The third iteration of the KTM 390 Duke is here, boasting BS6-compliance, new colourways and the segment’s only quickshifter. We head out to a top-secret test track and push it to the limit.
Story: Anosh Khumbatta
Photography: Saurabh Botre
The KTM 390 Duke blew us all away when it was launched in 2013, finally dethroning the three-decade-old Yamaha RD 350 as the quickest ‘small’ motorcycle you could buy in India, its revvy 43.5-hp liquid-cooled single immediately finding a fan following among our performance-starved biking fraternity.
The KTM 390 Duke saw its first proper update in 2017, with new bodywork reflecting the design of the 1290 Superduke, the segment’s first full-colour TFT dash, updated electronics package, ride-by-wire throttle, LED lighting, and Bluetooth connectivity options. Now, for 2020, KTM have no choice but to rework the 390 Duke for BS6 compatibility and, in doing so, they have given us a couple of new bits as well to justify the five-grand ex-showroom price hike to Rs 2.53 lakh.
First, of course, are the new colourways; there is this understated grey and black design that I quite like and also a new white and orange look with fresh graphics. KTM have had to rework the exhaust plumbing to fit the new cat-con, and the new bendpipe now slinks under the motor rather than alongside it on its way to the side-mounted end can, reducing ground clearance by 12 millimetres to 175 mm.
The bike is also four kilograms heavier now, pushing the wet weight up to 167 kg. The good news, however, is that no power has been lost with the BS6 upgrade and the 373-cc liquid-cooled single continues to churn out a healthy 43.5 hp at 9,000 rpm, propelling us to an indicated 162 km/h at the end of the straight.
The other good news is that KTM have finally decided to endow their 390 streetbike with the two-way Quickshifter+ from the recently launched 390 Adventure, allowing for gear shifts without having to bother with the clutch.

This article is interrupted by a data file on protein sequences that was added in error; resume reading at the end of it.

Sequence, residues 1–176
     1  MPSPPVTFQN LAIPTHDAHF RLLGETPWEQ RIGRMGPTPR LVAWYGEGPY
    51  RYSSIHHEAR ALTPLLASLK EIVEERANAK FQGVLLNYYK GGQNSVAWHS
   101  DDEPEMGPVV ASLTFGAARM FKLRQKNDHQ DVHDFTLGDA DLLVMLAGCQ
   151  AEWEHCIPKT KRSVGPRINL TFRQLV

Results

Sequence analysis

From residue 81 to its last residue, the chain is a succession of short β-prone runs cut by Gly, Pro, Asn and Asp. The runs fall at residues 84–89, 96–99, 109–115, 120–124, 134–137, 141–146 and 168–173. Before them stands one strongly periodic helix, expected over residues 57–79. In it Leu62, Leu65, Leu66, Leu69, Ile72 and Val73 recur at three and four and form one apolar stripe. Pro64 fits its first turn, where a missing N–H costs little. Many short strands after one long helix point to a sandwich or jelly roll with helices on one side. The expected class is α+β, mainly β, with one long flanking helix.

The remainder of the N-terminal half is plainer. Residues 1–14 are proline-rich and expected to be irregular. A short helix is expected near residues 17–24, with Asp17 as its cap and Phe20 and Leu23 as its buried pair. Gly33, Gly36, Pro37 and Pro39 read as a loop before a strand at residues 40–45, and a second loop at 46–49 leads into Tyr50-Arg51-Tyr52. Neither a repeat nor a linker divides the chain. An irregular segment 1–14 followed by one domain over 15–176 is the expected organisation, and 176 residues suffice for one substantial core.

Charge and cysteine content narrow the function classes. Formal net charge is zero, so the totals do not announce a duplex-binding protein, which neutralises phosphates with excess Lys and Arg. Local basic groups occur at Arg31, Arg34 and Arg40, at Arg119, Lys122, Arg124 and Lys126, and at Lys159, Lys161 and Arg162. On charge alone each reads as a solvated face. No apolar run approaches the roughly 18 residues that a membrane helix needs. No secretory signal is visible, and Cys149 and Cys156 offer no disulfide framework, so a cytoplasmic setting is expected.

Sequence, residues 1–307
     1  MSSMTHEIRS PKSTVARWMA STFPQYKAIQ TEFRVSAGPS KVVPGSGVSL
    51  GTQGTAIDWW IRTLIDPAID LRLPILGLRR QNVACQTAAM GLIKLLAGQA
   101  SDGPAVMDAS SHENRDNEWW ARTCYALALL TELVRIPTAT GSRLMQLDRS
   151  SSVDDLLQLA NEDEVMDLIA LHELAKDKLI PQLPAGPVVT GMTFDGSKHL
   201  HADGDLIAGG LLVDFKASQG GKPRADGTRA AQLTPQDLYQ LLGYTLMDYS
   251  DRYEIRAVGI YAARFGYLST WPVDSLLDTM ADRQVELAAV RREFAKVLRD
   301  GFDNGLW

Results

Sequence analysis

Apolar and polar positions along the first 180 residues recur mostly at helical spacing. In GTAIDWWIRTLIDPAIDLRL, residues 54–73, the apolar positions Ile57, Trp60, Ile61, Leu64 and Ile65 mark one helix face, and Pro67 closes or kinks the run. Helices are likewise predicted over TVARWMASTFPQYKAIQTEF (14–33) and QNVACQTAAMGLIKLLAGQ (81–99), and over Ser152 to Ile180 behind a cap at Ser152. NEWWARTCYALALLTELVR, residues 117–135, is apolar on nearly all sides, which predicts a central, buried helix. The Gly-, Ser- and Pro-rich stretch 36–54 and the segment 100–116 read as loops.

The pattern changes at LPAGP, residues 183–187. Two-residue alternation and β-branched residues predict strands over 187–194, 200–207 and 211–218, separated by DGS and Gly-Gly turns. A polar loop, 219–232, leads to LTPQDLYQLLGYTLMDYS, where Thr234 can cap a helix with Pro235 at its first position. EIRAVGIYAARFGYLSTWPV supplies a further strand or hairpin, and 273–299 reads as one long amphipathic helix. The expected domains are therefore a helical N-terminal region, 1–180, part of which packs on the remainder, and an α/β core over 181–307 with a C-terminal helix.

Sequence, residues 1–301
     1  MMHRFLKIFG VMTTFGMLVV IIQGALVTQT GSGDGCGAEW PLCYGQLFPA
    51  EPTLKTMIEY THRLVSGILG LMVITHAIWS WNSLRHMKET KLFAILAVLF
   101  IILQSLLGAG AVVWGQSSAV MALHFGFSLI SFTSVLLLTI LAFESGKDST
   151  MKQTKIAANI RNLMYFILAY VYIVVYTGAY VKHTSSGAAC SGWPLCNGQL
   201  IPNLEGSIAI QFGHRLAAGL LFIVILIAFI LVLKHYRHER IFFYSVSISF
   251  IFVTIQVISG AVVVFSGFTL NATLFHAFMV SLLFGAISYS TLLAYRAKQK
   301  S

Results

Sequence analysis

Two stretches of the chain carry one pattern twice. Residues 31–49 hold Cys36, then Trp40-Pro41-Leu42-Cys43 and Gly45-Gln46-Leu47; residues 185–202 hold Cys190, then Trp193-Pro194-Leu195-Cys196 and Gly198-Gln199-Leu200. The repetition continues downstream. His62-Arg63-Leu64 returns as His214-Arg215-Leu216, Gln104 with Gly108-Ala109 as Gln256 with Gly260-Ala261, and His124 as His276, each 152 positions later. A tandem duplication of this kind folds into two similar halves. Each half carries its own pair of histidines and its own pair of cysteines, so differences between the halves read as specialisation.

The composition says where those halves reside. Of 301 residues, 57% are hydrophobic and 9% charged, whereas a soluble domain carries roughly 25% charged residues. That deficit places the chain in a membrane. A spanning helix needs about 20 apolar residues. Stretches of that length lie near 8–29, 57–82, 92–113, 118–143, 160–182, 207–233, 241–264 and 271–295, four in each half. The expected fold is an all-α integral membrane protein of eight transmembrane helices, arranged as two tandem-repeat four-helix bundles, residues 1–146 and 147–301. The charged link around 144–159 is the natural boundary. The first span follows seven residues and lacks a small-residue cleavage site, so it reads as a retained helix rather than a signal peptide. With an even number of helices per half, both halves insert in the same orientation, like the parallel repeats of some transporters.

Heading out on to the track, the bike felt very familiar; although the engine has lost its rorty character, this is now the smoothest and most refined 390 Duke yet. The throttle is light and accurate and the nimble chassis invites aggressive changes of direction, right up until the still spongy and somewhat under-damped rear shock starts getting overcome by the cornering forces plus my 70-odd kilos on board.
Contact with the road is still handled by the budget H-rated Metzeler Sportec M5 hoops that started feeling somewhat greasy in the intense afternoon heat. I could feel them squirming every time I tried to get on the throttle while still leaned over, although they were thankfully communicative enough to let me know what was going on under them to keep me from sliding into the dirt. These tyres are great for street or even occasional track use, but if you are planning on hitting the track regularly and pushing lap-times with your new Duke, an upgrade to something like the W-rated tyres KTM were kind enough to give us with the original 390 would be a good idea.
The excellent full-colour dash has also been carried over to the 2020 KTM 390 Duke, and I found it particularly sharp and easy-to-read in bright sunlight or shade. As before, bike settings and connectivity functions are controlled by the left-hand switchgear.
Although the quickshifter is this update’s big news the system isn’t flawless, and I experienced quite a few stubborn upshifts as well as occasional false neutrals on downshifts. The somewhat basic system works well enough most of the time, but occasionally trips up, leaving the rider momentarily confused or worse, barrelling into a corner lodged in a false neutral; not a pleasant feeling at all.
KTM claim that a more up-to-date system would raise costs to an unacceptable level, but I’m sure a lot of us would gladly pay a bit more for a quickshifter that works perfectly. In fact, I think that the inclusion of rider modes would have added a lot more value to this update and, considering that all the necessary hardware like the ride-by-wire throttle is already in place, I expect it would be a simple affair to include two or three distinct throttle maps to please today’s demanding buyers.
The KTM 390 Duke is ready to face this year’s emission laws with two fresh new looks and minor updates all around and, although the quickshifter could do with a dose of refinement, the Austrian streetfighter is still a potent and fun package that can provide more thrills than just about anything else in its class.
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